Password: xmsupload
XtremIO Management Command Line Interface (XMCLI)

Username: tech
password: 123456 (prior to v2.4)
password: X10Tech! (v2.4+)
XtremIO Management Command Line Interface (XMCLI)

Username: admin
password: 123456 (prior to v2.4)
password: Xtrem10 (v2.4+)
XtremIO Graphical User Interface (XtremIO GUI)

Username: tech
password: 123456 (prior to v2.4)
password: X10Tech! (v2.4+)
XtremIO Graphical User Interface (XtremIO GUI)

Username: admin
password: 123456 (prior to v2.4)
password: Xtrem10 (v2.4+)
XtremIO Easy Installation Wizard (on storage controllers / nodes)

Username: xinstall
Password: xiofast1
XtremIO Easy Installation Wizard (on XMS)

Username: xinstall
Password: xiofast1
Basic Input/Output System (BIOS) for storage controllers / nodes

Password: emcbios
Basic Input/Output System (BIOS) for XMS

Password: emcbios
EMC ViPR Controller :
http://ViPR_virtual_ip (the ViPR public virtual IP address, also known as the network.vip)

Username: root
Password: ChangeMe
EMC ViPR Controller Reporting vApp:

Username: admin
Password: changeme
EMC Solutions Integration Service:

Username: root
Password: emc
EMC VSI for VMware vSphere Web Client:

Username: admin
Password: ChangeMe

After the Solutions Integration Service password is changed, it cannot be modified.
If the password is lost, you must redeploy the Solutions Integration Service and use the default login ID and password to log in.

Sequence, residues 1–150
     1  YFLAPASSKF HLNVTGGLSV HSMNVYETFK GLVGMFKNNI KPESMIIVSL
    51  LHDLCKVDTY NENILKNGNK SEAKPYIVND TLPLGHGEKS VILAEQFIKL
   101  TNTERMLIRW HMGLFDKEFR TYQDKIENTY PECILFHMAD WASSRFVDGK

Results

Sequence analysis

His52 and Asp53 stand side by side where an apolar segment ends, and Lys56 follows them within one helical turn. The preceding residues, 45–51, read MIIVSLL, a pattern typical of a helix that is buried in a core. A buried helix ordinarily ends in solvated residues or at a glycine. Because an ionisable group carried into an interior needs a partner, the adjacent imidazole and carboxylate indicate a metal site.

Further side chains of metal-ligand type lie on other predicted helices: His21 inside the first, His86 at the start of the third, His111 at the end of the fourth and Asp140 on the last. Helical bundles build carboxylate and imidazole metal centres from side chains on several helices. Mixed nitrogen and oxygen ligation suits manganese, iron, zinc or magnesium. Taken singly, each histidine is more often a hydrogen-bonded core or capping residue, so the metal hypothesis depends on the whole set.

EMC Avamar Backup Service

username: admin
password: changeme
openSSH key
ssh-agent bash
ssh-add ~admin/.ssh/admin_key
Password: P3t3rPan

Pure Storage Arrays

Username: pureuser
Password: pureuser
Cisco Integrated Management Controller (IMC) / CIMC / BMC:

Username: admin
Password: password
Cisco UCS Director:

Username: admin
Password: admin
Username: shelladmin
Username: changeme
Hewlett Packard P2000 StorageWorks MSA Array Systems:

Username: admin
Password: !admin (exclamation mark ! before admin)
Username: manage
Password: !manage (exclamation mark ! before manage)
IBM Security Access Manager Virtual Appliance:
Username: admin
Password: admin
VCE Vision:

Username: admin
Password: 7j@m4Qd+1L
Username: root
Password: V1rtu@1c3!
VMware vSphere Management Assistant (vMA):

Username: vi-admin
Password: vmware
VMware Data Recovery (VDR):

Username: root
Password: vmw@re (make sure you enter @ as Shift-2 as in US keyboard layout)
VMware vCenter Hyperic Server:

Username: root
Password: hqadmin

Username: hqadmin
Password: hqadmin
VMware vCenter Chargeback:

Username: root
Password: vmware
VMware vCenter Server Appliance (VCSA) 5.5:

Username: root
Password: vmware
VMware vCenter Operations Manager (vCOPS):

Console access:

Username: root
Password: vmware

Username: admin
Password: admin
Administrator Panel:

Username: admin
Password: admin
Custom UI User Interface:

Username: admin
Password: admin
VMware vCenter Support Assistant:

Username: root
Password: vmware
VMware vCenter / vRealize Infrastructure Navigator:

Username: root
Password: specified during OVA deployment
VMware ThinApp Factory:

Username: admin
Password: blank (no password)
VMware vSphere vCloud Director Appliance: